In my opinion, the most overlooked aspect of a training program is rest and recovery. I’ve never been a fan of the “go hard or go home” approach. Working hard is extremely important. In fact, it’s a necessity. But, there’s a time and a place to work hard, and there’s a time and place to recover.
My mindset hinges on listening to the athletes and their bodies. How they feel on a daily basis should have an impact on how you train them that day. Just like any day in any given job, not every day is a good one. Any sort of excessive sympathetic neural activity can hinder an athlete and their performance substantially. Some factors that can cause excessive sympathetic neural activity include:
Lack of Sleep
Poor Training Schedule
...and so forth.
More trainers and their clients can benefit from a basic understanding of the Autonomic Nervous System and how it works.
Let’s break this down:
It’s divided into 2 subcategories: The sympathetic and parasympathetic subdivisions. Think of it like a car. The sympathetic is the gas pedal. The parasympathetic is the brake. They work synergistically to get you to your desired location. And you don’t even need to use the Google Maps app.
Within your body, the sympathetic kicks in when any sort of stress hits your body. Think lifting weights, running, seeing your gym crush, sprinting from bears, stuff of that nature. The parasympathetic is where all the adaptive responses occur. Think of maintaining homeostasis. Bringing your heart rate back to normal, lowering your cortisol levels and a bunch of other sciencey lingo that you can read in thick fancy textbooks.
So what happens when a person becomes overly-driven in their sympathetic system?
Well, what happens when you put your car in park and “put the pedal to the metal” for extended periods of time?
A few things:
Absorption of nutrients from food will be limited. Very little adaptive response will occur from training. Cortisol levels will be elevated, which can hinder sleep and may also store fat. The anabolic environment will be low which isn’t conducive to building muscle, and the catabolic environment will be high.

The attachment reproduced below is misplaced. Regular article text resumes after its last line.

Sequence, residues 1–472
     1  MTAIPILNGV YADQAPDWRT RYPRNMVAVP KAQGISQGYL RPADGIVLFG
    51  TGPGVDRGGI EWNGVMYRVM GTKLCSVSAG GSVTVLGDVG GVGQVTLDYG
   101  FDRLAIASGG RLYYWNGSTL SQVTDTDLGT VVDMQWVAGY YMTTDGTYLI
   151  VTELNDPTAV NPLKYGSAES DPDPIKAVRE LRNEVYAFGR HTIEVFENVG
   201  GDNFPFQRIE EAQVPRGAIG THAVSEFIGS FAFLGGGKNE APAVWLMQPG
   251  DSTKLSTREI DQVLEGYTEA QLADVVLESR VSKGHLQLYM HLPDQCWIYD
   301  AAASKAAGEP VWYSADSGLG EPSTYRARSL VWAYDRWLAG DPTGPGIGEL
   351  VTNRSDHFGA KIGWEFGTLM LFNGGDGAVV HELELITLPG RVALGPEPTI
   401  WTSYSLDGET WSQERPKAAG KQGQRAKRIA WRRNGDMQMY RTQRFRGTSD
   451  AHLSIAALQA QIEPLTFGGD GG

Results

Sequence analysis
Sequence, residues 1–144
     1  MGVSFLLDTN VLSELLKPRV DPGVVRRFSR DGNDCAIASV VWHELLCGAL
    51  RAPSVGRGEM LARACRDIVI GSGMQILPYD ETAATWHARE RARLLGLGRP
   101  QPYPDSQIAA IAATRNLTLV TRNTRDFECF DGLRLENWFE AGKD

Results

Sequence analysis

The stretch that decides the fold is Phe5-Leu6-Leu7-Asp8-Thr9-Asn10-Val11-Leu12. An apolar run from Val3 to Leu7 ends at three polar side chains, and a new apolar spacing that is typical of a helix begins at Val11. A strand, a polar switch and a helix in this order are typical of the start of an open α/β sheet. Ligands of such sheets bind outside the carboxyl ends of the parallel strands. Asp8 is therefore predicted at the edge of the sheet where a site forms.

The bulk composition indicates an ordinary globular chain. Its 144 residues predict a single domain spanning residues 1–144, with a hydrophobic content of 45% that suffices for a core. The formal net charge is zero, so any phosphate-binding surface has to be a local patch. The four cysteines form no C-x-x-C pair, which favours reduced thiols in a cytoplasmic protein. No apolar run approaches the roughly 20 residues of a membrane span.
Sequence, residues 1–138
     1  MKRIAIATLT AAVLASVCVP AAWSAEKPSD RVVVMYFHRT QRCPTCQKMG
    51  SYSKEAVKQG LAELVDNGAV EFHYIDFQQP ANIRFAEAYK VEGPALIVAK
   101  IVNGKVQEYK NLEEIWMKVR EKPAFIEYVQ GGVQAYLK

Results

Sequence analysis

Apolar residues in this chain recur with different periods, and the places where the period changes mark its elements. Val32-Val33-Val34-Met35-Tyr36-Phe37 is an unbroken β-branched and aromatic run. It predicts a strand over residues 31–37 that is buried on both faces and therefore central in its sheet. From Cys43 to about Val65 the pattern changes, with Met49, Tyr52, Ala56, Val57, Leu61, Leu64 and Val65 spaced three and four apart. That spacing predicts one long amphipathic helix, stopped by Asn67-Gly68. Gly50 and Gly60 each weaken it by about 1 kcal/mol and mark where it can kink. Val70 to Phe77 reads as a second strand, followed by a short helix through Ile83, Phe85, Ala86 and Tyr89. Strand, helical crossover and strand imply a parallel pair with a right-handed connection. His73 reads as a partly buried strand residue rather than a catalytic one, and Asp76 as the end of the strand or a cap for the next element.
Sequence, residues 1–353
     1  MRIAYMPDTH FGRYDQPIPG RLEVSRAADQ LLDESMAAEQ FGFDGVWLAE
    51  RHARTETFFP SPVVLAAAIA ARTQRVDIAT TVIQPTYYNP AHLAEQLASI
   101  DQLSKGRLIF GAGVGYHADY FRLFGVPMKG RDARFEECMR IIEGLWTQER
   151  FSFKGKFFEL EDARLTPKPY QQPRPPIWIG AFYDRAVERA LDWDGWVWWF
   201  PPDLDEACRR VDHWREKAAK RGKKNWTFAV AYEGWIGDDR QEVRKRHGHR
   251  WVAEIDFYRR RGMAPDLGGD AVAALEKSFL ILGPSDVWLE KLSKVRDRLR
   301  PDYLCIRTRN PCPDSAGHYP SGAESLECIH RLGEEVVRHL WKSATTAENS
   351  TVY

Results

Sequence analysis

All that HIIT work you’re doing everyday because your trainer said it’s the best thing ever? That might not be helping.
So what’s the ideal way to recover?
Here’s the tricky part...It depends!!! (Coincidentally enough, like everything else in the fitness industry)
Ask yourself this: What do you like? What calms you down? The good news is you have several options.
Since there’s no one around to volunteer, let’s just use me as an example. If you’ve met me, you may have caught onto the fact that there are 7 hamsters running around in my head, all in different directions. They don’t even have a wheel to keep themselves in check. Ever been to a hamster rave? Welcome to my head at 7:24am on a Tuesday.
Personally, yoga has never calmed me down. I am, without a doubt, in the minority of people that it doesn’t work for. The same goes for pilates. I experimented listening to classical music while lying on the floor doing some diaphragmatic breathing. Same result.
The hamsters just keep running. And I don’t even like cardio.
I recently went to Float YXE to try out their sensory deprivation tanks, in hopes of slowing down my brain. If you’ve never heard of a float tank, the concept is simple.
You float naked. In the dark. In Epsom salt water. Just you and your thoughts.
Sounds weird but compared to other stuff I’ve done…it’s really not. The water is skin temperature so it’s quite warm. In terms of the actual floating, it’s buoyant enough in there that you couldn’t flip yourself over if you tried. Translation…you won’t drown, and you’ll be warm. All sensory inputs are also minimized (no noise, light, or distractions).
I wasn’t sure what to expect but knew there was quite a bit of research to back up their claims of what the tanks could do for recovery…so I was intrigued.
For the first time in as long as I can remember the hamsters stopped running. All of them. All at the same time.
Dreams really do come true.
I was in complete relaxation for the next few hours. And in fact, I noticed the results up to 3 days later.
If you have trouble slowing your mind down, or just want to try something new…give the sensory deprivation tanks a try.
They may or may not be for you. You never know until you try. Life’s like a box of chocolates, right?
The point of this blog post is to find something that helps you relax. Something that lets you shut off from the rest of the world for an hour or two every week. If you’re having trouble losing weight or gaining muscle mass, less may be more. Turn off the sympathetic system and allow yourself to recover.
Hey, if all else fails, at least you can cross off the “being naked in public” box. Cheers.